The spectacle of “sick-out” teachers running amok in Madison, WI is, ironically, sickening and educational. It also points out a fascinating paradox in progressive “thinking.” For progressives are both big supporters of public sector unions and expansive government. How is it possible to square that circle?
For the rationale of unions is that they are needed to protect employees from the opportunistic exploitation by their employers. With public sector unions, the government is the employer. So the assertion that public sector unions are essential implies that the government is opportunistic and exploitive, rather than benevolent.
But government benevolence–or something close thereto–lies at the heart of the argument that an expansive state is necessary to protect the weak against the predations of the strong. So if the government is benevolent, there should be no need for public sector unions.
But we see progressives sing paeans to public sector unions and an expansive government. A completely contradictory worldview based on a schizo theory of government.
Public sector unions facilitate a conspiracy between public employees and the politicians who “negotiate” with them. Their effect is almost uniformly malign: they bring a wonderful combination of higher costs and lower performance. The case is particularly clear with teachers’ unions. My thesis advisor, a brilliant empirical economist, Sam Peltzman demonstrated this with some excellent papers in the mid-1990s. He showed that one can date the commencement of declining academic performance in a state quite precisely: the declines in a state began when its teachers became unionized. The result is robust, and holds for both college-bound and non-college bound students.
I am actually quite encouraged by the protests in Wisconsin. The protesters are so clueless. They fail to understand how their antics are just going to turn even more people against them, and intensify the opposition of those who are already unfavorably disposed. The more they whine about the benefits they are losing, and the “rights” that they are giving up, the more the hoi polloi who are footing the bill will recognize how generous those benefits and rights are. The suckers who pay will say: “I don’t get that good a deal. I am looking at a more straitened future. Why should these people get a better deal than I do? Especially since the performance doesn’t match the pay? I was a sucker before, but no more.”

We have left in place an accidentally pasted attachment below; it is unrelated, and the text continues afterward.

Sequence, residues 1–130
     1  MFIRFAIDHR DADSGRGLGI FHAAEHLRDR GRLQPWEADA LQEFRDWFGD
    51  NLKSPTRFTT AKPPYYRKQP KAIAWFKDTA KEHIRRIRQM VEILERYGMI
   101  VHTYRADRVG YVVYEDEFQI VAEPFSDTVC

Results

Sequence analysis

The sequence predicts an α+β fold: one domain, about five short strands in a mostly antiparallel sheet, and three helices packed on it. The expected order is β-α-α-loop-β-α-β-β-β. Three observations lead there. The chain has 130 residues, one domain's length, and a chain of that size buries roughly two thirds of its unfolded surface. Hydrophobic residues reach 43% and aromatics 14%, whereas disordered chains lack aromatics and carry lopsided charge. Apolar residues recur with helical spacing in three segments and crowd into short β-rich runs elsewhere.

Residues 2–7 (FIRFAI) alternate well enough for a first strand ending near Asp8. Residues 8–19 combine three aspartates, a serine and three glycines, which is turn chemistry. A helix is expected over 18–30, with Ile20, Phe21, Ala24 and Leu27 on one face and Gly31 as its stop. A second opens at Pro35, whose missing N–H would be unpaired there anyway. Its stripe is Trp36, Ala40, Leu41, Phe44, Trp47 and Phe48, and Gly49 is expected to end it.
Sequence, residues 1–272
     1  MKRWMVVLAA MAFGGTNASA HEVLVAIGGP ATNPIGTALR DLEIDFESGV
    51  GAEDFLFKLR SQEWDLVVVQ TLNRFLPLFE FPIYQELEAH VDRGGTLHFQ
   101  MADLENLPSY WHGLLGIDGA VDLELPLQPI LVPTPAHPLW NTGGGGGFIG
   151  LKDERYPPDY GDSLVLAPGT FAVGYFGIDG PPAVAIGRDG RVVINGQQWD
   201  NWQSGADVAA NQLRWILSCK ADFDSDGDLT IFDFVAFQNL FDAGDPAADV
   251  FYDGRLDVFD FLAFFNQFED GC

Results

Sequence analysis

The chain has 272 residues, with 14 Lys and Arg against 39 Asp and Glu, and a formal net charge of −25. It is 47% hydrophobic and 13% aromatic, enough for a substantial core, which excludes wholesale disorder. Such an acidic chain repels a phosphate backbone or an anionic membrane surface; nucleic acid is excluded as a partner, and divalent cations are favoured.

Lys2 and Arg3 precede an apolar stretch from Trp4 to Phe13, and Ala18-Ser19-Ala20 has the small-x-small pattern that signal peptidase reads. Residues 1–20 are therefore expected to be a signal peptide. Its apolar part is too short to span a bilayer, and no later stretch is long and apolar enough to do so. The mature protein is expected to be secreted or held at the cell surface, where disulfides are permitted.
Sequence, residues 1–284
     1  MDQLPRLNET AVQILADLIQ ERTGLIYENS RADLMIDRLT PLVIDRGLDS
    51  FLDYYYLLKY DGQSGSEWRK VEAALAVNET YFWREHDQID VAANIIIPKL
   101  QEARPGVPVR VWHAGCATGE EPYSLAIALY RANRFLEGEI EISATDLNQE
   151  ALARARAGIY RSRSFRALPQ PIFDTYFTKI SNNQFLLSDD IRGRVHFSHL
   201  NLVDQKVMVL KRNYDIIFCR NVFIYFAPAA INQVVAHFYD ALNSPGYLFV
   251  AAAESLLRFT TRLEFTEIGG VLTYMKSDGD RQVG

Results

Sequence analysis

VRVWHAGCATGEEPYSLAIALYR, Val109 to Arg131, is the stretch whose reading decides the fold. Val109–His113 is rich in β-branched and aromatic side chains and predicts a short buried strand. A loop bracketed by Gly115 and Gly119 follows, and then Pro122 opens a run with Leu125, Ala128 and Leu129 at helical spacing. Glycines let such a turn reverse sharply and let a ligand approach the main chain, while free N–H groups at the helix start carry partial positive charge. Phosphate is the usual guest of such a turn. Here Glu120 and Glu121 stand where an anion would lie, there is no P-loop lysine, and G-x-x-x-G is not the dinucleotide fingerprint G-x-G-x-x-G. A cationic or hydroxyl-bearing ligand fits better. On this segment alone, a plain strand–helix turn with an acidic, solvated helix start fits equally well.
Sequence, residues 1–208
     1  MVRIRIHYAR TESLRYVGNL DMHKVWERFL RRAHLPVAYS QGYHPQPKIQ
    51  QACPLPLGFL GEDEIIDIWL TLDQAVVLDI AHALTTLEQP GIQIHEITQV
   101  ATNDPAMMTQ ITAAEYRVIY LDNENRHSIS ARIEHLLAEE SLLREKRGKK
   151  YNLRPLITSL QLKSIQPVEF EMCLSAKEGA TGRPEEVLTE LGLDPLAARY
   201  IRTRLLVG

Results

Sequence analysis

In short, temper tantrums and hissy fits by the privileged only stoke anger against them. So go for it, boys and girls!
Obama, of course, couldn’t resist butting in. His operatives and union allies are coordinating and funding protests. He has come out and criticized Wisconsin Governor Scott Walker for attacking unions.
This is all understandable, I guess. Buffeted by one failure after another, Obama sees an opportunity to rabble rouse–sorry, I meant to write “community organize”–and says: “Hey, THIS is something I can do!”
But again, this is good news. For being associated with the Insane Clown Posse will only damage Obama further. And a posse of insane clowns is what it is. The sight of the Democrat State Senators fleeing the state in order to prevent a vote on a measure that would limit public employee collective bargaining rights is proof enough of that, as is the collection of signs, chants, etc. that the “protesters” have brought to the Capitol. The New Civility didn’t last long, did it?
Some years ago (‘03 or ‘04 if memory serves) Texas Dem legislators fled the state to stop a vote on redistricting. Some wags put pictures of the vote evaders on milk cartons. Wisconsin is the Dairy State, so it would only be fitting to repeat the feat here. Amazing, isn’t it, that elected representatives shirk their responsibilities in a democratic/republican system, and at the same time thunder against the governor’s anti-democratic actions?
Like I wrote Monday. It’s not 1995 any more. People who think that the same tricks, the same tropes, and the same rhetoric will work in 2011 have failed to recognize that the situation of the country is far different, and the mood of the country definitely is. The protestors are singing the same old protest songs (the has-been Jesse Jackson parachuted in to (a) get his face on camera, and (b) lead a chorus of “We shall overcome”), not realizing that they are now the establishment and the times are in fact changing, and not in a way that they will like. The clowns in Madison will keep pushing, because that’s what they do. The difference this time is that a helluva lot more people are going to push back.